• A simple way to help kids avoid catastrophizing is to teach them to ask themselves whenever they’re upset, “Is this a big problem or a little problem?” If it’s a little problem, the first line of defense is to use self-soothing mechanisms, like a cool-down spot, deep breathing, or Plan B thinking, to calm themselves down. For most problems, these tools will be enough. When problems feel too big, we want kids to seek help.
  • Exercise #6: Move your body and/or play.

Chapter 11 ("Navigating Learning Disabilities, ADHD, and Autism Spectrum Disorders")

  • Throughout our decades of work, we have seen that when children with ADHD, dyslexia, or other learning difficulties are given all the information necessary to make a decision and don’t feel forced, they are extremely capable of choosing thoughtfully. They are still the experts on them. They want their lives to work, and they will often welcome the help that is offered to them and the accommodations that will enable them to learn and perform better.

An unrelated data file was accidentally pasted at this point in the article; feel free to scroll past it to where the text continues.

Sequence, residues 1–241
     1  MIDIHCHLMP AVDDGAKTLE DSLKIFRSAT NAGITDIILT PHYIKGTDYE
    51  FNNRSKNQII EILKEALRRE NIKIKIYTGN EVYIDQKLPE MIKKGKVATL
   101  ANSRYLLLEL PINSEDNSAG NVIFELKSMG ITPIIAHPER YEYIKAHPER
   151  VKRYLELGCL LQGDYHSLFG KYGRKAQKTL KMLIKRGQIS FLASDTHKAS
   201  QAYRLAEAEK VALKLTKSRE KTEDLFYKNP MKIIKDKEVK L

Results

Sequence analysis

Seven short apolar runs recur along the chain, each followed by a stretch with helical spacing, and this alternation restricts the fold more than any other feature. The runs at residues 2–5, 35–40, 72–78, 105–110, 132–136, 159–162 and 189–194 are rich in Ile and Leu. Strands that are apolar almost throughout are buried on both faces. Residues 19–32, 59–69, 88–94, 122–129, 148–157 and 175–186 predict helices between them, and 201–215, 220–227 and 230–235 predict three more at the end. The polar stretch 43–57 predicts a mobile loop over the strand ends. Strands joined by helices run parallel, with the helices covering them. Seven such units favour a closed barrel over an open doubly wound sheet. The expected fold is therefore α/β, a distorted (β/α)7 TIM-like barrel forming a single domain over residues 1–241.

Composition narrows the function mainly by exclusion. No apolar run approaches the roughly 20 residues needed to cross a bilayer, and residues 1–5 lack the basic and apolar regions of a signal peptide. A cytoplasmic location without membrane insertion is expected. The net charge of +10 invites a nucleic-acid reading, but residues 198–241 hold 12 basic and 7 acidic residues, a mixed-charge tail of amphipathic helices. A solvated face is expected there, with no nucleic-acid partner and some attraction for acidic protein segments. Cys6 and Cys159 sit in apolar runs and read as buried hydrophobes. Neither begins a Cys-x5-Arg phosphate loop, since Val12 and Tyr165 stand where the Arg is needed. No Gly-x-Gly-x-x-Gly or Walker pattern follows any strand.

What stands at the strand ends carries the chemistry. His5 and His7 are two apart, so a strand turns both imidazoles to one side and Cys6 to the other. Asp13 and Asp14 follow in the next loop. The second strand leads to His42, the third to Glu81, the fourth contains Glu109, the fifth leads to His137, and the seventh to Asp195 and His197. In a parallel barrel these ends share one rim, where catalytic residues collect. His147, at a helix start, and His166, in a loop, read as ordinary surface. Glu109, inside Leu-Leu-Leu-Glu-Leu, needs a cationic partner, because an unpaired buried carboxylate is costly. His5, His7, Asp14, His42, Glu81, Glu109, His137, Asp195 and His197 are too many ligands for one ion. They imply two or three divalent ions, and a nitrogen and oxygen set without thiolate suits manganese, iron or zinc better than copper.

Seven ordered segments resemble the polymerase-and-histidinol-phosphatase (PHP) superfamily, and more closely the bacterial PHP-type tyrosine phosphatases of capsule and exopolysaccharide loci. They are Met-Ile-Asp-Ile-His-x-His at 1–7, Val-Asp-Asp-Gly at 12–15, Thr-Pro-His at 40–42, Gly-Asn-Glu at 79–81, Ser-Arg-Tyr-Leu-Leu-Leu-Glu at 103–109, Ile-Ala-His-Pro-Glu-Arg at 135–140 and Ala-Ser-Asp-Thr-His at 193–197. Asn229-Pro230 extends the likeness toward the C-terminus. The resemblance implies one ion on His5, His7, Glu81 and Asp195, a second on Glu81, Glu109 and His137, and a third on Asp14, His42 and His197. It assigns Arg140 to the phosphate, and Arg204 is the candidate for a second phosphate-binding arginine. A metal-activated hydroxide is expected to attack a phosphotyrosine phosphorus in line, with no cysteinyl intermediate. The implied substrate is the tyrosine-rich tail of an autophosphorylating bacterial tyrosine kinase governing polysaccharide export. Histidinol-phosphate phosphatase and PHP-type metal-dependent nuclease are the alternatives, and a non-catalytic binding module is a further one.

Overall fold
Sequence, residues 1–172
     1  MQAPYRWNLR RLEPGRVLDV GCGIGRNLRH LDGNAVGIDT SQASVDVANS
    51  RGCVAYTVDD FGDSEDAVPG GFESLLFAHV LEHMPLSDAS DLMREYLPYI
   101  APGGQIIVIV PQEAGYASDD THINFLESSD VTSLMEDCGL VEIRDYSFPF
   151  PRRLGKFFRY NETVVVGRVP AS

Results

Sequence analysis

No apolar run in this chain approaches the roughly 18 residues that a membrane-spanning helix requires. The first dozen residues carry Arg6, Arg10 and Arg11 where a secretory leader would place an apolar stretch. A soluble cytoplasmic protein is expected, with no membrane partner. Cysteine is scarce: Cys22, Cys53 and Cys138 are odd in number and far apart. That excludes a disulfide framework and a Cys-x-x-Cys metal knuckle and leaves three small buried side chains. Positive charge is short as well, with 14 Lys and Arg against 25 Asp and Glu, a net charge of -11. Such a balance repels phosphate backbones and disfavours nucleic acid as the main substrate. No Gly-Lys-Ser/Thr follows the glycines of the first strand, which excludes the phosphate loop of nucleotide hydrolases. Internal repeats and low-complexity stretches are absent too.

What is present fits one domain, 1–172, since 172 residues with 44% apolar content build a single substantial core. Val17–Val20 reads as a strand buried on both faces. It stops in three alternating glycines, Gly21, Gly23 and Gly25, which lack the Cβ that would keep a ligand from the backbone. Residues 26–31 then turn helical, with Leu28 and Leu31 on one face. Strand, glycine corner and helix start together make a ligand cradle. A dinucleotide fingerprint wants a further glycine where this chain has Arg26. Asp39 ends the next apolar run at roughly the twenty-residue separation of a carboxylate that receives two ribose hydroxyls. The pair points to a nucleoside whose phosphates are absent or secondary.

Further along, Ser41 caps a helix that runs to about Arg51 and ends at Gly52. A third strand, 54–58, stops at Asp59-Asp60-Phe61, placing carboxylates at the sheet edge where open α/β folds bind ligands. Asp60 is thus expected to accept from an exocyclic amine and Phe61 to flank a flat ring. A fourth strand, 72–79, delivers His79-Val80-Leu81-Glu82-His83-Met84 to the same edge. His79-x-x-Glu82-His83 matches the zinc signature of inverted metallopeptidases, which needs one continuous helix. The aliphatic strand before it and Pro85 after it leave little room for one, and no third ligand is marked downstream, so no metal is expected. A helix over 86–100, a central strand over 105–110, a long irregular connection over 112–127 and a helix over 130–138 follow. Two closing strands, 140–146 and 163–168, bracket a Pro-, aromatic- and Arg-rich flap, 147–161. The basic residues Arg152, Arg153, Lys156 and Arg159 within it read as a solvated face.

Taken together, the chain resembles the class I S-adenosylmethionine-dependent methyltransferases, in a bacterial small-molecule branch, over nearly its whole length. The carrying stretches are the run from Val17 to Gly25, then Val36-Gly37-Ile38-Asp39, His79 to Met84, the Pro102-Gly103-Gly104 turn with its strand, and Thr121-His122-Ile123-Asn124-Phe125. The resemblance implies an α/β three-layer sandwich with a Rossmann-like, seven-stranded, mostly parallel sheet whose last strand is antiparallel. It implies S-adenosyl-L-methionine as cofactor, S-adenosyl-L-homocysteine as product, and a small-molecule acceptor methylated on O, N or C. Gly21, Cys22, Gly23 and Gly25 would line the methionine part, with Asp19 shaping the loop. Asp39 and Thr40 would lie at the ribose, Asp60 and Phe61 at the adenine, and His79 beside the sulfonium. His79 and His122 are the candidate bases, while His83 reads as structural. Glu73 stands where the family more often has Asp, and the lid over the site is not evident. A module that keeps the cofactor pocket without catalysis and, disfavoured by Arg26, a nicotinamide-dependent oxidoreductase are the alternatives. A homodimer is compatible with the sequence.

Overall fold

• Brains develop as they’re used, and we don’t want any child to develop a brain that’s accustomed to chronically fighting attempts to be controlled. We know it’s stressful to struggle at school or have problems with impulse control. We know that a sense of control combats stress and encourages healthy brain growth. If we want kids without special needs to have these advantages, then it’s all the more important that kids with special needs have them, too.
  • Learning Disabilities